ST. PETERSBURG — Bid farewell to the iconic inverted pyramid that has beckoned visitors to the city's waterfront since 1973.
A judge's ruling Friday makes it almost certain the unusual Pier will be demolished. What, if anything, will rise in its place remains the subject of contentious debate.
The Pier's death knell was sounded by Pinellas-Pasco Circuit Judge Jack Day, who ruled against former St. Petersburg City Council member Kathleen Ford and five others in their bid to force a referendum on its fate.
Ford, a lawyer, sued after the council rejected an attempt by the group voteonthepier.com to get a Pier question on the ballot. The group had amassed more than 20,000 signatures in a months-long petition drive.
Day ruled the petition did not provide the basis to compel a charter amendment referendum. He also ruled that demolition of the Pier does not require a vote.
"We are obviously pleased with the court's decision today, and appreciate the court's thoughtful review of the facts and law surrounding this case," Mayor Bill Foster said.
Safety Harbor resident Tom Lambdon, who led the effort by voteonthepier.com, called the ruling "very, very sad."
"The more than 23,000 people who signed our petitions shouldn't have to fight so hard against City Hall,'' he said. "Silencing the voters will come to a head on Aug. 27 (the date of the city's primary election)."
But Foster, pointing out that he had publicly supported the effort to get the measure on the ballot, said he doesn't fear a backlash.
Ford, who once ran against Foster for mayor, said she respects the decision and doesn't know whether she will appeal.
Day's ruling seemed to send a message to both sides.
"Clearly, thousands of concerned citizens wanted some kind of vote about the future of the pier," he wrote. "It is most unfortunate more attention wasn't paid to the requirements of law at the beginning stages of their effort."
The judge's ruling ends one skirmish in the bitter battle over St. Petersburg's waterfront. Voters may yet get to vote on the Pier.
Concerned Citizens of St. Petersburg, which is fighting plans for a new $50 million pier, called the Lens, is confident it will soon collect the required signatures to legally warrant a vote to halt the project. Meanwhile, the City Council will hold a public workshop April 18 to discuss the opposition's technical concerns about the Lens, and to discuss the latest referendum challenge. On May 2, the council will decide whether to release additional money for the Lens.
With the project in an apparent state of flux, William Ballard, president of Concerned Citizens, said, "It makes no sense to proceed with the destruction of the Pier without knowing the path the city is on is clear."
But supporters of the Lens, led by international TV pitchman Anthony Sullivan, are prepared to redouble their efforts.
"This is a great day for the city," said Sullivan, founder of WOW Our Waterfront St. Pete.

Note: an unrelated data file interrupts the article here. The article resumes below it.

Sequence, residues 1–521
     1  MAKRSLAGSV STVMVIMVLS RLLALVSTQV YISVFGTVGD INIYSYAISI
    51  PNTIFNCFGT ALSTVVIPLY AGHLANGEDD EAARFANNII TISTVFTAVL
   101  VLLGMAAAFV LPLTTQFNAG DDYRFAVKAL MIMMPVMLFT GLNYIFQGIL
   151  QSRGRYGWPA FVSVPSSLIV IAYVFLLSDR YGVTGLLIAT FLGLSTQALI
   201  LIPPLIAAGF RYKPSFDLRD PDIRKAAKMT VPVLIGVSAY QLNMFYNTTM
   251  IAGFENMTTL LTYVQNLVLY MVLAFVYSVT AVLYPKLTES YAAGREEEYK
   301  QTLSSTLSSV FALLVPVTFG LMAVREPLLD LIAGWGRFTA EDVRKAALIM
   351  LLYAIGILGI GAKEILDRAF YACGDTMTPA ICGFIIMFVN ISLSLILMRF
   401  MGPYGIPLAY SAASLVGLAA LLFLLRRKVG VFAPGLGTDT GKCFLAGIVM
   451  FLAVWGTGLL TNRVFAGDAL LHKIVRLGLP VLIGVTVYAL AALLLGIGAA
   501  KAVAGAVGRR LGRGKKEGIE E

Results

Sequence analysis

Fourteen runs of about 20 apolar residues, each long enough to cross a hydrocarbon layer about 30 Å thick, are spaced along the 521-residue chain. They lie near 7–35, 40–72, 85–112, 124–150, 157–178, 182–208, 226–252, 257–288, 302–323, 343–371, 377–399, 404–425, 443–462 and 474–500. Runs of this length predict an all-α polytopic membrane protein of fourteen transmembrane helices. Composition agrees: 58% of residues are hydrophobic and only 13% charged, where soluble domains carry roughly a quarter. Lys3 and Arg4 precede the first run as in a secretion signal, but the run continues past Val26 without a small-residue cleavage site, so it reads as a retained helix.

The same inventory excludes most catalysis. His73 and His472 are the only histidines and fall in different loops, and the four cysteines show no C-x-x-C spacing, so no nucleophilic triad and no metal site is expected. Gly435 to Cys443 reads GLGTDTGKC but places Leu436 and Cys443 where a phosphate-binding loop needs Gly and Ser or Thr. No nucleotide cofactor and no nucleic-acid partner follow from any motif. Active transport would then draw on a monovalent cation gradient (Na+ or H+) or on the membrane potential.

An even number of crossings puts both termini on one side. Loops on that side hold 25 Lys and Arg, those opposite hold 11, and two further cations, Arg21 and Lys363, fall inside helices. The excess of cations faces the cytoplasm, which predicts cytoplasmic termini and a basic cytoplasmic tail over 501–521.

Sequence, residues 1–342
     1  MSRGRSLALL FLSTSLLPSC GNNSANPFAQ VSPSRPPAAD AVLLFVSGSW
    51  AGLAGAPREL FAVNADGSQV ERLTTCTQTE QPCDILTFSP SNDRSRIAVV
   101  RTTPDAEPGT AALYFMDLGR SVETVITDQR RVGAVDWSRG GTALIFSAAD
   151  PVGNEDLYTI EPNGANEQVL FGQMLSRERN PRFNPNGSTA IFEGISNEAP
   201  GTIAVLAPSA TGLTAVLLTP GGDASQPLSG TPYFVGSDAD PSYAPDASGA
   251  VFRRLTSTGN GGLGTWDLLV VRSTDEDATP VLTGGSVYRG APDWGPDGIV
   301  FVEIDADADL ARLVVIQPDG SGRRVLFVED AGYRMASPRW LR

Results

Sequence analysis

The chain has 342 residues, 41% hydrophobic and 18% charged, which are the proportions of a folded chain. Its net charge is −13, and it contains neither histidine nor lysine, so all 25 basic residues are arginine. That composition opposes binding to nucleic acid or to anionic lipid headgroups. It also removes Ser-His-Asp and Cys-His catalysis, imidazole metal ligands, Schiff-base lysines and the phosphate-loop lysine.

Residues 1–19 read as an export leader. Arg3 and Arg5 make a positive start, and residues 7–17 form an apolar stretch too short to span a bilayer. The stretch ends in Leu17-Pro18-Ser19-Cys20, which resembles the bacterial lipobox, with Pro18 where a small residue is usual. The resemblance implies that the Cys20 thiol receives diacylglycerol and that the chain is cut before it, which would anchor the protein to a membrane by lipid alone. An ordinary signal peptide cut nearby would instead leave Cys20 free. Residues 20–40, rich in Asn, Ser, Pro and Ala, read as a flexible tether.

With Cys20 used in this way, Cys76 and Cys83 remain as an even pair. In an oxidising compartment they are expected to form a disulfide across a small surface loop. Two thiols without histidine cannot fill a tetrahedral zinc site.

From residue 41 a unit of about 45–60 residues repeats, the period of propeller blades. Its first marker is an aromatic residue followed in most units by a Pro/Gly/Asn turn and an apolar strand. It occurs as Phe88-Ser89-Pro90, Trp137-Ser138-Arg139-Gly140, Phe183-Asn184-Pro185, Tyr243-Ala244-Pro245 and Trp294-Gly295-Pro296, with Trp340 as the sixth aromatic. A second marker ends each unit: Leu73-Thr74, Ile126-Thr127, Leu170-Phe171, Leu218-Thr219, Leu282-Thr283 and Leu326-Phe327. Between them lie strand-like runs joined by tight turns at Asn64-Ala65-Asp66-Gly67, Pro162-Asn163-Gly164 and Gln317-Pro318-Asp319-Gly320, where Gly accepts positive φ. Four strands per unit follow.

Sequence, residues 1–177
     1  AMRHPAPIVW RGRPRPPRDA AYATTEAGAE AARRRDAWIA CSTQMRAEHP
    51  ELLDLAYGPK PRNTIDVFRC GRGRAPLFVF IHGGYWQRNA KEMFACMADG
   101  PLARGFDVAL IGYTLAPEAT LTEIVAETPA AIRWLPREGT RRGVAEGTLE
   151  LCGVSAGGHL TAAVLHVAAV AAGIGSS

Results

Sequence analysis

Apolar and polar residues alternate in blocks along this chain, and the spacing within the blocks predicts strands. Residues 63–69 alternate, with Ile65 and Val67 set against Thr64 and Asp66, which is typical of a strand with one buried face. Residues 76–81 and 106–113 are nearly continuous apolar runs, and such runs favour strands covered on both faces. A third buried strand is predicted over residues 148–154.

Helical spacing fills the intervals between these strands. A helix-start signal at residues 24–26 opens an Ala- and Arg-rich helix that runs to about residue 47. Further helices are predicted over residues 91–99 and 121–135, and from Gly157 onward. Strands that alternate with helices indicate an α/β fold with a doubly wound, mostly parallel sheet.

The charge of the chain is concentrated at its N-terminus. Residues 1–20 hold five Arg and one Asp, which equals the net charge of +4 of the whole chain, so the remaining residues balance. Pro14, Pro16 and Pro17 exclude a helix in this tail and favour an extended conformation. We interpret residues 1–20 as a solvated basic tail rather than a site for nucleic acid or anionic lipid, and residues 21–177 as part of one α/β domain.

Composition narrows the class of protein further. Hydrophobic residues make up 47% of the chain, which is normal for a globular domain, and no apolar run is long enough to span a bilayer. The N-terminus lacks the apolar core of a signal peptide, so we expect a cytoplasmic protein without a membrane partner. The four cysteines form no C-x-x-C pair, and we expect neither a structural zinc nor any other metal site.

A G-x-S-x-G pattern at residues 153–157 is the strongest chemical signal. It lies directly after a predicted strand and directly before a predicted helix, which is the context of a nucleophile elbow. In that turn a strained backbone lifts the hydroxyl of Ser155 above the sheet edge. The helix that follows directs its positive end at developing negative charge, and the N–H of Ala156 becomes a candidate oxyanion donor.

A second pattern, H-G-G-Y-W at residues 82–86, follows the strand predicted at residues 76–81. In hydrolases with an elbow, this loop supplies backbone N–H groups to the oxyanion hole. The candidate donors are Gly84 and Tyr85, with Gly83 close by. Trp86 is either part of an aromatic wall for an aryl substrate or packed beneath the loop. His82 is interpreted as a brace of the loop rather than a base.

"We will do everything in our power to ensure that the people of St. Petersburg get the new pier and are not left with a boarded up, dilapidated building."
The structure is scheduled to close May 31, regardless of the surviving petition drive. Demolition is scheduled to follow in late summer.
Council member Steve Kornell also was gratified with the ruling.
"It gives a clear-cut answer that the city's position was correct and the idea that we somehow found a flimsy legal technicality to violate people's rights is something the judge did not agree with," he said.
City Attorney John Wolfe had advised council members they were under no legal requirement to hold a referendum based on the voteonthepier.com petition. The city's charter, he said, addresses petitions only for a proposed ordinance or repeal of an ordinance, while state law refers to petitions only in relation to changing a charter. The petition did not contain that language.
"It was defective and we have been saying that since last year,'' said Joe Patner, the city's head litigator, who fought the case.
Going forward, however, city attorneys have conceded that the Concerned Citizens' petition drive would be legally conforming, and the council would have to consider its proposed ordinance to terminate the city's contract with Michael Maltzan Architecture, designers of the Lens.
The city has a $4.7 million contract for architectural and engineering services with Maltzan. The contract with Maltzan allows the city to suspend or terminate work at any point, but it would have to pay the costs and fees already incurred.
Voteonthepier and its supporters are pinning their hopes on the Concerned Citizens' effort.
"There are thousands and thousands of St. Petersburg voters who would like to have a say about their beautiful waterfront," Ford said.
City Council member Wengay Newton, a staunch opponent of the Lens, said he fully expects the group to get its initiative on the ballot.
"It's sad to hear the judge isn't recognizing the intent of over 20,000 people who signed petitions," he said. "Either way, the people are going to vote."
He emphasized that critics don't want a referendum every time the city spends $50 million. No public votes are needed to spend $90 million on a new police station and water treatment plant, he said.
The Pier is different, he said. "It's about an asset that belongs to the people, not self-serving politicians."
Council member Leslie Curran, a Lens supporter and a member of the jury that chose the design, is pleased the city prevailed in the Ford suit.
She acknowledged the other opposition group will be an issue.
"What's going to happen will happen," she said. ''We'll deal with that when we get there."